Article Highlights:

  • The S&P 500 dropped over 6% in August due to trade war fears.
  • There’s a historic amount of uncertainty on Wall Street.
  • This is actually bullish news for the overall market and the economy.

Last week, I joined 21 million other Floridians in preparing for Hurricane Dorian.

At the time, it looked as though Florida was going to be hit with the strongest hurricane since the Labor Day hurricane of 1935.

My preparations included a trip to Costco to fill a cart with bottled water, a 10-year supply of flashlight batteries and what looked like a year’s supply of canned soup.

I also waited in line for an hour for gas, while burning a quarter tank keeping the air conditioning running.

As Florida braced for the storm, however, Dorian’s course changed entirely.

Instead of slamming into our state, it took a northerly turn after it completely wrecked The Bahamas for a few days.

Floridians breathed a sigh of relief. Most of Florida had dodged the bullet.

I struggled to understand how it was possible for the hurricane forecast to be so wrong. And this isn’t the first time in recent memory that’s happened.

Floridians faced a similar situation three years ago, when Hurricane Matthew was expected to rake the Florida coastline as a Category 5.

That one also managed to stay offshore. Matthew produced tropical-force winds and rain in some areas. But its impact was minimal compared to the apocalyptic forecasts.

As I waited in line for gasoline last week, I started thinking about how investors are constantly faced with similar stock market doomsday forecasts that never come to fruition.

For the last 10 years, all of these doom-and-gloom predictions have been buying opportunities.

And when my colleague Matt Badiali shared a chart of Wall Street’s forecasts, I realized another buying opportunity had arrived…

There Is Money Lying in the Corner

Before I tell you about this astounding piece of research that’s mega bullish for stocks, I want to tell you a story.

As a young trader, I was always reading interviews and books about famous traders to get inside their heads and understand what made them better than every investor on the planet.

One interview with Jim Rogers, co-founder of the Quantum Fund and Soros Fund Management, stood out to me in particular.

He was asked about his winning strategy and what made him so successful. He replied: “I just wait until there is money lying in the corner, and all I have to do is go over there and pick it up. I do nothing in the meantime.”

How exactly does one know when “there is money lying in the corner”?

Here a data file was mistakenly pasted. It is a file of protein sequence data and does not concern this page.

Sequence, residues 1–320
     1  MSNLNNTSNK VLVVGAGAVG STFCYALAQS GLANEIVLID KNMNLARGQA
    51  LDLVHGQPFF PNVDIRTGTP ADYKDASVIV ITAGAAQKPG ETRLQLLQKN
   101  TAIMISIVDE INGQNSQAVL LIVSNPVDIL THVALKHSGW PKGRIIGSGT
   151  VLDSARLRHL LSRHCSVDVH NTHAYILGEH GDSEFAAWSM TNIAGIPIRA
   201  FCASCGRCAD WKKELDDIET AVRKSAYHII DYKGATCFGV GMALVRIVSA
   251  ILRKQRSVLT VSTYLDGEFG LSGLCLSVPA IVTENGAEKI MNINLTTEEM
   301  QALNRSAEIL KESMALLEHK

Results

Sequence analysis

Well, a good indicator is when other investors are uncertain of what lies ahead.

That means they’ll become buyers if the market starts moving higher.

Uncertainty Is Opportunity

This brings me back to the chart my colleague shared on Twitter…

The most optimistic estimate for the S&P 500 Index is 176 points higher than the most pessimistic estimate.

That means there’s more uncertainty among Wall Street strategists than there’s been in 20 years!

Between the overseas slowdown, trade uncertainty and the inverted yield curve, Wall Street is scratching its head.

And when there’s uncertainty, there’s also opportunity.

That’s when the money is lying in the corner — when nobody knows what to do with it.

We Didn’t Get Hit With the Big One

In August, the market weathered its own storm. The S&P 500 dropped over 6% from all-time highs as President Donald Trump tweetstormed more tariffs on Chinese goods.

As the S&P 500 dropped, so did the yield on the U.S. 10-year note, from 2.05% to 1.52%. That eased credit conditions in the U.S.

Additionally, the escalating trade war (and falling market) increased the odds that the Federal Reserve would cut rates further.

In early August, there was a 37.4% chance of 75 basis points of cuts after the Fed’s December meeting. That’s risen to 48.4%.

The Fed is now more dovish at the same time the Trump administration is planning on holding talks with Chinese leaders in Washington next month.

I think the president is going to want to end the trade war, thereby bolstering both the stock market and his reelection chances.

To investors, August was like the Category 5 hurricane that never really materialized.

There was a great deal of volatility, and one of my favorite signals gave us a “buy” reading.

But we didn’t get hit with the big one.

Prepare for the Worst and Expect the Best

The fear of what may have been caused investors to run to safer, defensive assets such as gold and government bonds. It was like stocking up on bottled water before a hurricane that never hit.

The increase in the odds of further rate cuts means investors will likely migrate back to what was working all year: growth and tech.

And that’s bullish for the overall market and the economy.

If there’s one thing this recent brush with doom has taught me, it’s to prepare for the worst and expect the best.

At least I’ve got enough batteries for when the big one hits.


Ian King

Editor, Automatic Fortunes